Then there is the process of an actual heart attack or stroke which involves disruption of plaque and the creation of a blood clot that ultimately disrupts the flow of blood and the death of heart or brain tissue. The susceptibility of plaque to disruption is a huge topic that involves high blood pressure, diabetes, insulin resistance, oxidative stress, inadequate sleep, and stress to name a few. So much more to discuss.

But getting back to the title of this post, why don’t you ask your elected representatives why our tax dollars continue to subsidize nutritional root causes of death, disability and disease?

Here are some links to papers and books that support the discussion above.

Circulating Oxidized LDL Is a Useful Marker for Identifying Patients With Coronary Artery Disease

Cholesterol deposition in macrophages: foam cell formation mediated by cholesterol-enriched oxidized low density lipoprotein.

Erythrocyte fatty acid profiles can predict acute non-fatal myocard… – PubMed – NCBI

Changes in Dietary Fat Intake Alter Plasma Levels of Oxidized Low-Density Lipoprotein and Lipoprotein(a)

Low-density lipoprotein subclass patterns and risk of myocardial in… – PubMed – NCBI

Subendothelial Lipoprotein Retention as the Initiating Process in Atherosclerosis

Oxidative susceptibility of low density lipoprotein subfractions is… – PubMed – NCBI

Effects of linoleate-enriched and oleate-enriched diets in combinat… – PubMed – NCBI

Enhanced oxidative susceptibility and reduced antioxidant content o… – PubMed – NCBI

Susceptibility of small, dense, low-density lipoproteins to oxidati… – PubMed – NCBI

Modulation of Endothelial Glycocalyx Structure under Inflammatory Conditions

Oxidized Lipoproteins Degrade the Endothelial Surface Layer

S1P Control of Endothelial Integrity

Mechanical control of the endothelial barrier. – PubMed – NCBI

Therole of actin-binding proteins in the control of endothelial bar… – PubMed – NCBI

The Fats of Life, Dr. Glen Lawrence

Functions of plasmalogen lipids in health and disease

Grain Brain: The Surprising Truth about Wheat, Carbs, and Sugar–Your Brain’s Silent Killers: David Perlmutter, Kristin Loberg: 9780316234801: Amazon.com: Books

Finally a quote from the Dali Lama (thanks to my cousin Diane for bringing this to my attention).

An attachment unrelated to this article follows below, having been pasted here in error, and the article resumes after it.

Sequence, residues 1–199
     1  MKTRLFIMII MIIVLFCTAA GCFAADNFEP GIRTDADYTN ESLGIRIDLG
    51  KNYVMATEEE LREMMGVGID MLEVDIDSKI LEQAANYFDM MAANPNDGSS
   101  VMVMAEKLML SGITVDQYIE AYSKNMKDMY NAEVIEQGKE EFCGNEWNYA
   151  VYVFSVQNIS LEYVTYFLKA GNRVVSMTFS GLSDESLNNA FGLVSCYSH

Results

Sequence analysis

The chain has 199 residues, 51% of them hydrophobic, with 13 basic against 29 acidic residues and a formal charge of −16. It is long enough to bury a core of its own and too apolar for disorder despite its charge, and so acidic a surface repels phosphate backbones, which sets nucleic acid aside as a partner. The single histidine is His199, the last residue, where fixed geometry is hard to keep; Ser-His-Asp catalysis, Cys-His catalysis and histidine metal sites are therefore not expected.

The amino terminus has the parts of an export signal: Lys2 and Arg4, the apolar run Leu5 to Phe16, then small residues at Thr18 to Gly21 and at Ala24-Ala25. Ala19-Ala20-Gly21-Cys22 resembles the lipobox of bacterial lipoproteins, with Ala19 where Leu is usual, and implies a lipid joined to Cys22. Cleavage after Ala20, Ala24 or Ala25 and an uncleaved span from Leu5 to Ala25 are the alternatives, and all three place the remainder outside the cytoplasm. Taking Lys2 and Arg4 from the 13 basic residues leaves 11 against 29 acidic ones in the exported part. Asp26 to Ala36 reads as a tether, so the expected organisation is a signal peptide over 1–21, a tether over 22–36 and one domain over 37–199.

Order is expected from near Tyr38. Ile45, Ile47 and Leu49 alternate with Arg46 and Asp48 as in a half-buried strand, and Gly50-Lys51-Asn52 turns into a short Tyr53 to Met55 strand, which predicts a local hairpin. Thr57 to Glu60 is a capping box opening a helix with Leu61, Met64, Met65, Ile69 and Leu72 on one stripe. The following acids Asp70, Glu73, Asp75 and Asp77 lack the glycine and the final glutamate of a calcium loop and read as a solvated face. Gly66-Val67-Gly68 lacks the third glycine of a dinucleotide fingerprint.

“Man. Because he sacrifices his health in order to make money. Then he sacrifices money to recuperate his health. And then he is so anxious about the future that he does not enjoy the present, the result being that he does not live in the present or the future, he lives as if he is never going to die, and dies having never really lived.”

Eat clean, live clean, sleep well, exercise wisely, rest often, enjoy the company of loved ones, spend time outdoors and live in the present.

BOB

Low Carb Beats Low Fat Again, Annals of Internal Medicine article

Once again, a randomized trial demonstrates that a carbohydrate restricted approach is superior to a low fat diet with regards to weight loss, inflammation, body composition and cardiovascular risk factors. This study was recently published in the Annals of Internal Medicine, the official journal for the American College of Physicians.

Men and women aged 22 to 75 years with a body mass index of 30 to 45 kg/m2 (obesity defined as BMI > 30, morbid obesity defined as BMI >35) were recruited from the general public by using mailing lists, fliers, work site and community screenings, and television advertisements.

Neither diet included a specific calorie or energy goal. Participants in each group were asked to refrain from changing their physical activity levels during the intervention

Here is the summary cut and pasted from the abstract.

Objective: To examine the effects of a low-carbohydrate diet compared with a low-fat diet on body weight and cardiovascular risk factors.

Design: A randomized, parallel-group trial. (ClinicalTrials.gov: NCT00609271)

Setting: A large academic medical center.

Participants: 148 men and women without clinical cardiovascular disease and diabetes.

Intervention: A low-carbohydrate (<40 g/d) or low-fat (<30% of daily energy intake from total fat [<7% saturated fat]) diet. Both groups received dietary counseling at regular intervals throughout the trial.

Measurements: Data on weight, cardiovascular risk factors, and dietary composition were collected at 0, 3, 6, and 12 months.

Results: Sixty participants (82%) in the low-fat group and 59 (79%) in the low-carbohydrate group completed the intervention. At 12 months, participants on the low-carbohydrate diet had greater decreases in weight (mean difference in change, −3.5 kg [95% CI, −5.6 to −1.4 kg]; P = 0.002), fat mass (mean difference in change, −1.5% [CI, −2.6% to −0.4%]; P = 0.011), ratio of total–high-density lipoprotein (HDL) cholesterol (mean difference in change, −0.44 [CI, −0.71 to −0.16]; P = 0.002), and triglyceride level (mean difference in change, −0.16 mmol/L [−14.1 mg/dL] [CI, −0.31 to −0.01 mmol/L {−27.4 to −0.8 mg/dL}]; P = 0.038) and greater increases in HDL cholesterol level (mean difference in change, 0.18 mmol/L [7.0 mg/dL] [CI, 0.08 to 0.28 mmol/L {3.0 to 11.0 mg/dL}]; P < 0.001) than those on the low-fat diet.